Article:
D.C. Asks Area Employers to Each Hire One City Resident Through New...

D.C. Asks Area Employers to Each Hire One City Resident Through New Initiative


District of Columbia officials joined the D.C. Chamber of Commerce and metro area business leaders to announce the creation of a voluntary hiring initiative to facilitate the employment of city residents by area employers.

The “One City-One Hire,” initiative is designed to provide wage subsidies, tax-incentives, and job training by the city government to businesses in the D.C. area who add a District resident to their personnel rosters.

“While this is not a panacea, hopefully this will begin to connect the dots for lots of people,” said Mayor Vincent Gray (D), at a press conference announcing the plan.

According to the District’s Department of Employment Services, the hiring initiative was patterned after a similar one in Atlanta, Georgia.  The Mayor’s office reports that almost 13,000 Atlanta residents were hired during the first six months of the program’s inception there.  The goal of ‘One City-One Hire” is to employ 10,000 D.C. residents in one year.

Barbara Lang, CEO and President of the D.C. Chamber of Commerce, said that the initiative will help to reverse the trend of many jobs in the city being filled by employees who do not live in the District.

“On any given day in this city, there are 700,000 jobs in D.C. We are in the enviable position of having far more jobs in our great city than we have residents. Yet sadly, only one third of those jobs are filled by District residents. Those numbers and the high over ten percent unemployment in the District, is our call to action,” Lang told reporters.

Lisa Mallory, Director of the District’s Department of Employment Services, said that contrary to popular opinion, much of the workforce in the District is college-educated, and employers participating in the plan would have that workforce to draw from.

“There’s some misunderstanding from time to time that those people that we serve may not have the skill necessary for these jobs.  Well I’m here to tell you that we have 51,000 jobs available this month, right now. We have about 35,000 unemployed District residents.  Our database alone also shows that over half of those individuals that have come to us unemployed actually have a bachelor’s degree,” Mallory said.

Mallory and Gray said that special emphasis would be placed on trying to provide additional job training to residents in certain Wards of the City where unemployment is atypically high.

Gray said that in eastern parts of the city  “the numbers are absolutely horrific,” citing data indicating that unemployment is as high as 25 percent in Ward 8. “There isn’t a day that I go into Ward 8, for example, where people don’t stop me and say ‘Mr. Gray I need a job, I need a job, I need a job.’”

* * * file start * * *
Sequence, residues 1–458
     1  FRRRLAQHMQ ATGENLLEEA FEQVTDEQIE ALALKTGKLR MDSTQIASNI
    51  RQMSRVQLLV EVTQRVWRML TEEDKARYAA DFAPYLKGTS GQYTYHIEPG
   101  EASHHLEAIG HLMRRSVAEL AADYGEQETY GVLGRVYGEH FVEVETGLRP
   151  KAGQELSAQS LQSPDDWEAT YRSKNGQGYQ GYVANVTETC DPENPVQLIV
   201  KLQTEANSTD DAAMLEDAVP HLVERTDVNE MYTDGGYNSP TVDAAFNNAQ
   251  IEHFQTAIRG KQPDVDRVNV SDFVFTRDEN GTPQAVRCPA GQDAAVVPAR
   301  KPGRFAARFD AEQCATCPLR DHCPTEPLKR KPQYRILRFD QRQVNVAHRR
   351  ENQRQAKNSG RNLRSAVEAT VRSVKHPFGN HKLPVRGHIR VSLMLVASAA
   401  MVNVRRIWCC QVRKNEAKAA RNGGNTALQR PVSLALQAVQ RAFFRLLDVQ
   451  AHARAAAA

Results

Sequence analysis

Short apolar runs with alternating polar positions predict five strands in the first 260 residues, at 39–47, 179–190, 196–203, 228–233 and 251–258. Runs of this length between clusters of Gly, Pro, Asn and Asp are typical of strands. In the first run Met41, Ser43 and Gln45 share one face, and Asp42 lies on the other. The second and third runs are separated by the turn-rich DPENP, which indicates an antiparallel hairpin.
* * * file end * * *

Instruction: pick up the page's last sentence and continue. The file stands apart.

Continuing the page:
Gray maintained that infrastructure investment was vital to job creation in cities.  He also said that his administration looked forward to working to support President Obama’s new jobs’ initiatives.

The “One City-One Hire” Initiative can already count the Hotel Association of Washington, Clyde’s Restaurants, Hensel Phelps Construction Company, Georgetown University and several other employers as program partners.

Lang said that although the program was only about a day old at the time of the press conference announcement,  the Hotel Association of Washington “already has roughly 30 District residents beginning the hiring process with the expectation to begin work within the month. “

Lang said the Chamber is actively looking to add more employers to the program.

“This is the kind of commitment from the D.C. business community that will get the D.C. economy back on track. This public-private voluntary partnership between the business community and the District government is [a] strong step in the right direction towards improving the District’s economy and we look forward to working with this administration in developing additional incentives,” said Lang.


  1. Maybe they should address why those having DC jobs do not want to live there? Loss of freedoms, high cost, violence, etc, etc? If they made it more inviting maybe those with the money would stay in DC?

  2. I am unemployed I have very good customer service skills and have worked as a unit secretary for seven years I have worked in a hospital for over fifteen years I am willing to take a clean up job and i cant seem to even get hired for that I would like to know where are the jobs in washington DC I am a ward 8 Resident I am willing to change my career just to have a job my unemployment runs out soon is there any employer out there who would love to have a hard working employee like myself I am dependable drug free honest and a team player I am willing to even wash dishes I need a job thank you. Kathy